Facebook is stepping up to the plate and creating a resource that gives users who have expressed suicidal thoughts the option to connect directly with a crisis counselor via Facebook chat. Don’t worry you bitchy comments, tasteless party pics and angry rants won’t be interrupted. This new initiative is dependent on people speaking up when they feel a friend might be in danger.
Facebook on Tuesday launched an initiative that gives users who have expressed suicidal thoughts the option to connect directly with a crisis counselor via Facebook chat.
“One of the big goals here is to get the person in distress into the right help as soon as possible,” Fred Wolens, Facebook public policy manager, told the Associated Press.
Facebook doesn’t troll the site in search of those who might be suicidal; with 800 million users who generate billions of posts, Facebook’s algorithm could easily misinterpret comments. Instead, the new initiative is dependent on people speaking up when they feel a friend might be in danger.
If a person spots a troubling post, they must click the settings button next to the comment and select “report.” Facebook will then email the individual with the number to the National Suicide Prevention Lifeline or a link to start chatting confidentially with a counselor.
“The only people who will have a really good idea of what’s going on is your friends so we’re encouraging them to speak up and giving them an easy and quick way to get help,” Wolens added.
If someone searches “suicide” on Google or Yahoo, they will be provided with the number for the Lifeline. In the past, Facebook would direct users who it felt were expressing suicidal thoughts to the same channel via email.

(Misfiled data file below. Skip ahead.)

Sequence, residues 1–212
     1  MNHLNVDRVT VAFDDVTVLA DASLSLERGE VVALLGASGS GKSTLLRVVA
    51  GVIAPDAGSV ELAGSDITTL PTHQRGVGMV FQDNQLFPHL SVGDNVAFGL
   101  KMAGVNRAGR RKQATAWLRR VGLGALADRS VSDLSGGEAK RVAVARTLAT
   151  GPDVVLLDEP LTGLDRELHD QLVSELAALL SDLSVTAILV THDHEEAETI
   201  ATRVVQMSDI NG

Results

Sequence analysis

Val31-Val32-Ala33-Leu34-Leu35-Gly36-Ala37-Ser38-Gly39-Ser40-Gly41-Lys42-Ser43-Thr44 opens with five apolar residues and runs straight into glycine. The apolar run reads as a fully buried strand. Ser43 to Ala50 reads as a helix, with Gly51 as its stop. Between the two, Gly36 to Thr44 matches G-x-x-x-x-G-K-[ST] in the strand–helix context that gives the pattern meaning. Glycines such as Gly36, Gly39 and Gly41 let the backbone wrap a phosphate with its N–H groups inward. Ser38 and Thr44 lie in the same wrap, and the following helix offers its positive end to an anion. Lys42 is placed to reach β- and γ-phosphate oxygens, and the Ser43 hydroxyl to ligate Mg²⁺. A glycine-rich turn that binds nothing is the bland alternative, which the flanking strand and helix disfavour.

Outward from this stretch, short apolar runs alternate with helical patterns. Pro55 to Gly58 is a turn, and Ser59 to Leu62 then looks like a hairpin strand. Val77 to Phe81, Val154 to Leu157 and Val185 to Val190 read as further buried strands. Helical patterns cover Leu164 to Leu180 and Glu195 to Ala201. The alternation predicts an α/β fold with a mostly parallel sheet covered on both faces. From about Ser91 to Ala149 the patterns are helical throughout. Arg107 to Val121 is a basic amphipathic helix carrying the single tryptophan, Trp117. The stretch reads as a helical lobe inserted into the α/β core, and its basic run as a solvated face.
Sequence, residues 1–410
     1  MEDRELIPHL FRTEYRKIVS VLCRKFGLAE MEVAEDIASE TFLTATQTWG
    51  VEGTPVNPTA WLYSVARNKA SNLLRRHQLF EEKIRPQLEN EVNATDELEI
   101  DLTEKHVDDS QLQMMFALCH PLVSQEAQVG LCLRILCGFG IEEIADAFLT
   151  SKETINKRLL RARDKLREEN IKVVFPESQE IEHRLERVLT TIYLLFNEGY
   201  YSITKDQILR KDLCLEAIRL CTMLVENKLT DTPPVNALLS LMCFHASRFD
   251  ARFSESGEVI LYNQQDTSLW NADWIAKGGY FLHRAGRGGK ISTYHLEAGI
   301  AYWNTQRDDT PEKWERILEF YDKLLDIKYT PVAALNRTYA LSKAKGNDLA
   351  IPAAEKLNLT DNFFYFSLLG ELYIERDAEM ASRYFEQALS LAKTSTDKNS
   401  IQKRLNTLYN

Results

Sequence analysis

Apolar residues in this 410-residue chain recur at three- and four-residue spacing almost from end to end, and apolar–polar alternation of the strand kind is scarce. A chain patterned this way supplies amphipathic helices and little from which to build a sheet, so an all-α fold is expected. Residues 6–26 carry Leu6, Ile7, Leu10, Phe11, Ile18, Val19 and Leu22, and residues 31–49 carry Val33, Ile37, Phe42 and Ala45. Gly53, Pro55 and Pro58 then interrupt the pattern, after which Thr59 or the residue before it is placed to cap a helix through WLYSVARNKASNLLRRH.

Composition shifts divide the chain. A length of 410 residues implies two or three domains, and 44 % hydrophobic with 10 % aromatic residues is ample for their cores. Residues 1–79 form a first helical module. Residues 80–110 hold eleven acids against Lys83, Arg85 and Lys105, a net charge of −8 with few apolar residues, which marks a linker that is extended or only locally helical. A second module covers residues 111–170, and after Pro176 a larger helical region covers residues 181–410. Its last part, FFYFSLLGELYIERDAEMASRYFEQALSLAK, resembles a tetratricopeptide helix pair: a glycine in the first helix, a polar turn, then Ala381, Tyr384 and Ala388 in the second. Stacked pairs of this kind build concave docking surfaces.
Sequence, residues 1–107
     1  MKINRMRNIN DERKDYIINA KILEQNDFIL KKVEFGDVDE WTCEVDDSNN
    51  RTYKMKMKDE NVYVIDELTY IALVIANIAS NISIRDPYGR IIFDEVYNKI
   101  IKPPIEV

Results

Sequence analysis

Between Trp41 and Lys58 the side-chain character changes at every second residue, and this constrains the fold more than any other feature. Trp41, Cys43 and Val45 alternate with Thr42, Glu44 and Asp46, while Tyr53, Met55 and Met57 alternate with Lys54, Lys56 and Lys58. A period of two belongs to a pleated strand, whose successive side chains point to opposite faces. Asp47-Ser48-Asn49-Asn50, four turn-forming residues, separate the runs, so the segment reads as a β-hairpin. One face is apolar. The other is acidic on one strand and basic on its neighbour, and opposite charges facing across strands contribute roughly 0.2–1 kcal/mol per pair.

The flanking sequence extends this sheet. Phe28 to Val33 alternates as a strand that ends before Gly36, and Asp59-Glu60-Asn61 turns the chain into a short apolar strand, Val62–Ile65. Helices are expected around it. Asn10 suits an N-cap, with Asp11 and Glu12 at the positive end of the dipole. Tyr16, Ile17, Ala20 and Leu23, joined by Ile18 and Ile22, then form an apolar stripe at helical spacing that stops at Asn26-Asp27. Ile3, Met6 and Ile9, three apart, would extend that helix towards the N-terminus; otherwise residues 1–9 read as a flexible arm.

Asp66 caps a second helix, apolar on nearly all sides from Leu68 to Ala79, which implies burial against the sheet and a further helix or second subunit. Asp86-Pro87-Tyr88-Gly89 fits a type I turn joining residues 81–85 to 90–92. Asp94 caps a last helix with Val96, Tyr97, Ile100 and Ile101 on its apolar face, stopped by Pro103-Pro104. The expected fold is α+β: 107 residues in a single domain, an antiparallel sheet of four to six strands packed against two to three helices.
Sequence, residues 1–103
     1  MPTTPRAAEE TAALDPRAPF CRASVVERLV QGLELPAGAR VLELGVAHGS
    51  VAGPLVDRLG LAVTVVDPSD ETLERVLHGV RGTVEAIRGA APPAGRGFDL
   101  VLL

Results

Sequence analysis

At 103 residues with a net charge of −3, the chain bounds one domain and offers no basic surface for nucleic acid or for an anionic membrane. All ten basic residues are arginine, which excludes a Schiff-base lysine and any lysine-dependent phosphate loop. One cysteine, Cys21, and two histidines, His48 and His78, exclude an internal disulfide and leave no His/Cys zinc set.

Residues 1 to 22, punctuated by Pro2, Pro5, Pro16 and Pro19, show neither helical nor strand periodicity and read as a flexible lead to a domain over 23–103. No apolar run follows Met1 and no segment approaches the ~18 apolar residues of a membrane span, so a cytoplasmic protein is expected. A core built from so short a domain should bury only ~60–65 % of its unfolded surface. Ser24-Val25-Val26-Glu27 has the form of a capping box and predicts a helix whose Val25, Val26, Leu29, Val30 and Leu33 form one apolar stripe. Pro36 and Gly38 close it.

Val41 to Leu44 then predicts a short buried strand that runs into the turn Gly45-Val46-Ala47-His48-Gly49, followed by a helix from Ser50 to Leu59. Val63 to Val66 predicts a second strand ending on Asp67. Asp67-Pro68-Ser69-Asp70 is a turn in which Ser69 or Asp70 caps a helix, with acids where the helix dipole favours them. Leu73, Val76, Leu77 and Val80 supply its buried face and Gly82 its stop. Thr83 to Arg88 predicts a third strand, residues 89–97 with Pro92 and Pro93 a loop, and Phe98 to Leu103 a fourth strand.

Now Facebook is stepping up its efforts by putting its users directly in touch with help.
“The science shows that people experience reductions in suicidal thinking when there is quick intervention,” said Lidia Bernik, associate director of Lifeline. “We’ve heard from many people who say they want to talk to someone but don’t want to call. Instant message is perfect for that.”
Facebook did not immediately respond to a request for further comment.
Earlier this year, Facebook teamed up with Time Warner for an anti-bullying campaign. But the social network’s efforts started last fall via a “Network of Support,” which includes the Gay and Lesbian Alliance Against Defamation (GLAAD), MTV’s a Thin Line campaign, the Human Rights Campaign (HRC), the Trevor Project, the Gay, Lesbian, and Straight Education Network (GLSEN), and Parents, Families & Friends of Lesbians and Gays (PFLAG). Facebook and GLAAD initially partnered up to tackle hate speech on the site after a series of inflammatory comments were posted on a page dedicated to the memory of gay teens who had committed suicide.
If you or someone you know has had suicidal thoughts, the National Suicide Prevention Lifeline is accessible via suicidepreventionlifeline.org or 1-800-273-TALK.
For more from Leslie, follow her on Twitter @LesHorn.